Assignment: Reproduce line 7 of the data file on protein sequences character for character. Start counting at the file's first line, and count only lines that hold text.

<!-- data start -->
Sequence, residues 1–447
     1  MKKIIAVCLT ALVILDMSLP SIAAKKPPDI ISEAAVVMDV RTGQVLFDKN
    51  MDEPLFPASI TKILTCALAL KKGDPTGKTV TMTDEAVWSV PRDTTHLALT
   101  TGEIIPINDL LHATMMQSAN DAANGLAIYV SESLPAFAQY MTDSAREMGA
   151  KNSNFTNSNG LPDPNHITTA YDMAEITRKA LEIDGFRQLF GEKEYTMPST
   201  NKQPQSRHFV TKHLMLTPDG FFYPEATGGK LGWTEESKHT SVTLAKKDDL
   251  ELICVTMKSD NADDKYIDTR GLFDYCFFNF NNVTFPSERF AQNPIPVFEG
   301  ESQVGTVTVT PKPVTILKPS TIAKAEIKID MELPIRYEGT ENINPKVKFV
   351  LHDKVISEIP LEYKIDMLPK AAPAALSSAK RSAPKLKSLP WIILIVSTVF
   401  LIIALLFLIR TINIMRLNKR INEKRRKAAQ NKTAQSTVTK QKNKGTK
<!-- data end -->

   251  ELICVTMKSD NADDKYIDTR GLFDYCFFNF NNVTFPSERF AQNPIPVFEG